The report said the current approach could potentially ignore some very low performing schools, for example, a high school could score red in both achievement and graduation rates but not be identified if it scored yellow on suspension rates.

Additionally, the state ranked poorly on the academic progress category, with a score of 1. The report points out there is little incentive for schools already performing above the state’s goals to reach toward higher levels, particularly because schools can score slightly worse performance from the first year to the next and still qualify as achieving its growth goals.
The state did however score high on the standards and assessments category with a score of 4 for its use of the Common Core state standards for mathematics and English language arts.


Although the implementation of the Common Core standards was controversial initially, local educators said there are advantages to using them and teachers have warmed up to them over time.
“It seems to me over the last few years the opposition from families has gone down,” said Jennifer Lockwood, director of Willits Charter School who added people were in an uproar at first over the fact students were not being taught skills in the same manner they learned, especially in mathematics.

“I like how the standards tie together to create a clear plan across grade levels,” she said. “It’s the same standard, but it expands over time. I think there was a lot of thought behind the creation of the common core standards to come up with a cohesive plan, before that was not the case. In math, for example, students have to know how to use skills and apply them to real life situations. I think California was pretty progressive when it came to implementing and training of Common Core.”
Willits Unified School District Superintendent Mark Westerburg said the issue is not with the standards, the real issue lies with state assessments.

“The problem is measuring the standards’ success,” he said. “We are implementing them and using them at every grade level but they aren’t very consistent. The state has created a test that is not widely acceptable so a lot of districts have gone to using third party assessments.”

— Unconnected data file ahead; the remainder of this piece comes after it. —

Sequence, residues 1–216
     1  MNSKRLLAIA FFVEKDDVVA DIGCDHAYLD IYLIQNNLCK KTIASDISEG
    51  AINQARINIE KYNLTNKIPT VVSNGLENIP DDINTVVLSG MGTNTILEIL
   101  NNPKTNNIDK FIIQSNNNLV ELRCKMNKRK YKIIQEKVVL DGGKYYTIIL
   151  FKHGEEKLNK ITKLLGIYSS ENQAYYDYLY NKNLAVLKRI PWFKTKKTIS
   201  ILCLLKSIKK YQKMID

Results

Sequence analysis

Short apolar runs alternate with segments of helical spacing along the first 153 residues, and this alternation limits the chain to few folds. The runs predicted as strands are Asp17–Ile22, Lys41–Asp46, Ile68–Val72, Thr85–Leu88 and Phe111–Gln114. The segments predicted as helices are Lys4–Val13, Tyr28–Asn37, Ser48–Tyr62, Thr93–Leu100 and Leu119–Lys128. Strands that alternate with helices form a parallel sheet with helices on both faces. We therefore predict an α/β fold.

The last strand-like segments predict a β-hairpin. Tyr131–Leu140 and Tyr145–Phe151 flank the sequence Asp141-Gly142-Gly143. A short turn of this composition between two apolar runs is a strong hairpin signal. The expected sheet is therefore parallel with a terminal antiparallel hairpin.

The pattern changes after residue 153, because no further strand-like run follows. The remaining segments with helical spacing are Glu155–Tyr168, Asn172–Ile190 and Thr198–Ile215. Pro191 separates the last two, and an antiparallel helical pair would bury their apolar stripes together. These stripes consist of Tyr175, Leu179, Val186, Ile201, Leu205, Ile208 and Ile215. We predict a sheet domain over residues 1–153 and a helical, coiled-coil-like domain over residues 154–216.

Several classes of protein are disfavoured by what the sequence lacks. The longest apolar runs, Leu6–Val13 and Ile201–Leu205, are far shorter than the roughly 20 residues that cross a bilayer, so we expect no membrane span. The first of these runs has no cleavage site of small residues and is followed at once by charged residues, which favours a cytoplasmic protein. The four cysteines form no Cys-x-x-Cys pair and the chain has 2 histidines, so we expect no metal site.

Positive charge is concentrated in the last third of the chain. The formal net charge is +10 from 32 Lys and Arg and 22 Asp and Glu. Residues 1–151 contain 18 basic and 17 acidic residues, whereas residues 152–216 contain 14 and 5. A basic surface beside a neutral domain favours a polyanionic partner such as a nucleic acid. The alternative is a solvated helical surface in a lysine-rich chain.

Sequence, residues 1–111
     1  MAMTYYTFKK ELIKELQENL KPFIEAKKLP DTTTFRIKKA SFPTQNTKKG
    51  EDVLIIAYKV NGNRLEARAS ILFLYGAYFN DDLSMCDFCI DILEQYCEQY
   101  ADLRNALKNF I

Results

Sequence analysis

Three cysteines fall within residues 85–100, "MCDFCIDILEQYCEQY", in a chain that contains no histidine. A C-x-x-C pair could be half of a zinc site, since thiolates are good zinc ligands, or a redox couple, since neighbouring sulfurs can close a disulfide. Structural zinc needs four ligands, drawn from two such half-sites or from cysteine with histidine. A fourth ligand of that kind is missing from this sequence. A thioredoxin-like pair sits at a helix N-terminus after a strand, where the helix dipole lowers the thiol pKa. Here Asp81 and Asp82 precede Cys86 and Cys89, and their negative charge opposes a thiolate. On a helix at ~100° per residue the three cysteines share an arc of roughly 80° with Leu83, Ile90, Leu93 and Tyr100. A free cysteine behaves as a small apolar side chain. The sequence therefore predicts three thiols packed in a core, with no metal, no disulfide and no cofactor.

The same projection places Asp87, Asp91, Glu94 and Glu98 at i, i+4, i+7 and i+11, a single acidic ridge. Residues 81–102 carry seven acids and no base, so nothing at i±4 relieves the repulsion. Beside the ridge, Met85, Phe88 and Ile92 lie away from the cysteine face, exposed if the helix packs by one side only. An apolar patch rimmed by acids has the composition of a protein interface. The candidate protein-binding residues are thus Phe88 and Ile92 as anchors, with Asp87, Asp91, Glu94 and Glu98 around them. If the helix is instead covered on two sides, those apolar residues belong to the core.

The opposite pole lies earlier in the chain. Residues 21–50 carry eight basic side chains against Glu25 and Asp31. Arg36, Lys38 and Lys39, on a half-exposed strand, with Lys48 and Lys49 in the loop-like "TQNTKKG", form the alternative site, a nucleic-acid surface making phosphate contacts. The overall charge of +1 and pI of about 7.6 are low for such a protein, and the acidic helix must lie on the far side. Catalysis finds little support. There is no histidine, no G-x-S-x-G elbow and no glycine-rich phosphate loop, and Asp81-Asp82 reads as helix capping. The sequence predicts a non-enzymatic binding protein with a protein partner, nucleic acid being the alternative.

Westerburg said California is one of the few states that does not require a national standardized test to measure student success compared to national standards.
According to Janet Weeks, communications director for the state board of education, the state has been working on a plan for how state funding will be implemented since 2013.

Weeks said the federal government provides funding for low income students, English language learners and foster youth, approximately $1.8 billion a year or about 2 percent of California’s overall education budget and added the nonprofit’s report did not look at the entire educational funding picture. She said instead of looking at all the federal requirements, they came up with their own rubric based on what the group felt the state should be doing.
“Our response is that it’s kind of unfair to rate us without looking at everything the state is doing,” she said. “We are really proud of what we are doing in California. We have increased the amount of money school districts have been getting and we have given local school boards more power on how they spend those funds based on demographics and other factors.”

Children Now, a policy and advocacy group based out of Oakland analyzed the state’s ESSA plan and stated the final opportunity for public comment will be available during the Sept. 13-14 State Board of Education meeting.